Augustus Henry Lane-Fox Pitt Rivers
(14 April 1827 – 4 May 1900) was an English officer in the British Army
, and archaeologist
. He was noted for innovations in archaeological methodology, and in the museum display of archaeological and ethnological collections. His international collection of about 22,000 objects was the founding collection of the Pitt Rivers Museum
at the University of Oxford
while his collection of English archaeology from the area around Stonehenge forms the basis of the collection at The Salisbury Museum
Throughout most of his life he used the surname Lane Fox, under which his early archaeological reports are published. In 1880 he adopted the Pitt Rivers name on inheriting from Lord Rivers (a cousin) an estate of more than 32,000 acres in Cranborne Chase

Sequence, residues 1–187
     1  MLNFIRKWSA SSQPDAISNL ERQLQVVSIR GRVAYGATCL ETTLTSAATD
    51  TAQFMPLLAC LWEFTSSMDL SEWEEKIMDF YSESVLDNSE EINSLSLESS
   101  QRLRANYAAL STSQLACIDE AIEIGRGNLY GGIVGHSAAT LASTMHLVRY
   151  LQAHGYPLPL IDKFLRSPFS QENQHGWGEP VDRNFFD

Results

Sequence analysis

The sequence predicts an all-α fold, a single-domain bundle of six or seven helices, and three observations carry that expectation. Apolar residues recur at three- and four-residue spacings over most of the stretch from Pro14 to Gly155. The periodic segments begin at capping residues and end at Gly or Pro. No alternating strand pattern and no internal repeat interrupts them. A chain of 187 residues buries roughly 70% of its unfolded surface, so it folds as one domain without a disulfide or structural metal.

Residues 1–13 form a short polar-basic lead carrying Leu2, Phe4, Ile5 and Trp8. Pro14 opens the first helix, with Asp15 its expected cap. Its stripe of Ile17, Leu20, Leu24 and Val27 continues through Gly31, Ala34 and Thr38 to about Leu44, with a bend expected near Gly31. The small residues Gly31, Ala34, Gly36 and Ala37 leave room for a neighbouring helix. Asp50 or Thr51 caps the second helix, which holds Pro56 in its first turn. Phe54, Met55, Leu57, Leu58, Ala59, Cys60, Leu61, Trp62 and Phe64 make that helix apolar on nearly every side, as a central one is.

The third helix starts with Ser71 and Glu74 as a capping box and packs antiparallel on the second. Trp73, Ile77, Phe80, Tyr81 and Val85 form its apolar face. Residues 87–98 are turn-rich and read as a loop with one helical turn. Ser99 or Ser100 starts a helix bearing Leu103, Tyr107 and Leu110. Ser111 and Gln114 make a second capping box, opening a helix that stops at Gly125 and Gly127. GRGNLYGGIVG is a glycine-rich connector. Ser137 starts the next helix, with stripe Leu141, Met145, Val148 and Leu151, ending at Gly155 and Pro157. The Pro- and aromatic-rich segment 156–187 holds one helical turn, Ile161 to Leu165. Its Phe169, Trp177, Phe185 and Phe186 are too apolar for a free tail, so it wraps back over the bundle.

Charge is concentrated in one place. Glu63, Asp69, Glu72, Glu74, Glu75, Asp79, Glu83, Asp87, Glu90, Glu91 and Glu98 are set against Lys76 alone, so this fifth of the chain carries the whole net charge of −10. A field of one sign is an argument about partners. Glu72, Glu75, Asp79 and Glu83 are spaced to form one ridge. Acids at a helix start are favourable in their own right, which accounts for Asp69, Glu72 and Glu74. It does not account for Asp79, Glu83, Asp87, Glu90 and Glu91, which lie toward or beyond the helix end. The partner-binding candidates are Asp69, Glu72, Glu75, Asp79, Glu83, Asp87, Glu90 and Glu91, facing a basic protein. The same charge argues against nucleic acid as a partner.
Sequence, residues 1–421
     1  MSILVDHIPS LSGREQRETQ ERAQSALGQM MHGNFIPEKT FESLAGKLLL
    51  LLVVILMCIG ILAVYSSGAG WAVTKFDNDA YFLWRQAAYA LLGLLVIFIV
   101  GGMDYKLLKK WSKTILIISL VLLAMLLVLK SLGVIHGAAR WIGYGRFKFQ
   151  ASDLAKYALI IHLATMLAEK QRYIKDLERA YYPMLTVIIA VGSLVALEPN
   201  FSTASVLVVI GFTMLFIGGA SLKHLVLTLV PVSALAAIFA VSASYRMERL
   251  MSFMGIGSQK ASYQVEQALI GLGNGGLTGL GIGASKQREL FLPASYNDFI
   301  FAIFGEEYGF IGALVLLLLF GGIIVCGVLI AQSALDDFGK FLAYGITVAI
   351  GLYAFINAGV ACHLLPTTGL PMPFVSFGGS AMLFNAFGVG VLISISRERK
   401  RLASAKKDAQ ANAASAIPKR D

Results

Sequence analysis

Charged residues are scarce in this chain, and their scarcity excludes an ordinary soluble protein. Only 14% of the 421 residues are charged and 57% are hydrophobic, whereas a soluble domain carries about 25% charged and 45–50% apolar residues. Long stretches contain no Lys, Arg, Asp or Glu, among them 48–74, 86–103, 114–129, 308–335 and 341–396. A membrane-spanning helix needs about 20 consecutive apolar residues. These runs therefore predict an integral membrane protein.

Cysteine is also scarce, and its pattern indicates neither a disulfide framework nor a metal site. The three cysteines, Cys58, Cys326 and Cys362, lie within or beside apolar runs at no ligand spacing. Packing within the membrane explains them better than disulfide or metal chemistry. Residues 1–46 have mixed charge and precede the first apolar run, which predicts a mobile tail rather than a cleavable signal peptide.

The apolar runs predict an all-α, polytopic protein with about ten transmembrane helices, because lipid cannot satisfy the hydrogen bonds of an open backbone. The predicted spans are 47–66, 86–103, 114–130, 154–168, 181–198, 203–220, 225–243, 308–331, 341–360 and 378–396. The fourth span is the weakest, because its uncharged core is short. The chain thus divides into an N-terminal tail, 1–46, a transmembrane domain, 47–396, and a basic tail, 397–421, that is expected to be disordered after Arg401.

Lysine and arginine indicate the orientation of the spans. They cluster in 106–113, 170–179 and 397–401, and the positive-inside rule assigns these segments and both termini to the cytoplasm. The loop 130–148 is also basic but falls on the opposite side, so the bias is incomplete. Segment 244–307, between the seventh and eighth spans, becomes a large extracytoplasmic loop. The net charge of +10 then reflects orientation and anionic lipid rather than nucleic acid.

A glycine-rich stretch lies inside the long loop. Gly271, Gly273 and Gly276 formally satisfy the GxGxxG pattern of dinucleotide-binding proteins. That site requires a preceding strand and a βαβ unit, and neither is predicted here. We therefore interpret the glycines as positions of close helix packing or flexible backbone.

. Read more...
Alfred Vincent Kidder
Alfred V. Kidder at Pecos, 1916
(October 29, 1885 – June 11, 1963) was an American archaeologist
considered the foremost of the southwestern United States
during the first half of the 20th century. He saw a disciplined system of archaeological techniques as a means to extend the principles of anthropology
into the prehistoric past and so was the originator of the first comprehensive, systematic approach to North American archaeology. Read more...
; 6 January 1822 – 26 December 1890) was a German
businessman and a pioneer in the field of archaeology
. He was an advocate
of the historicity of places mentioned in the works of Homer
and an archaeological excavator of Hisarlik
, now presumed to be the site of Troy
, along with the Mycenaean
. His work lent weight to the idea that Homer
reflects historical events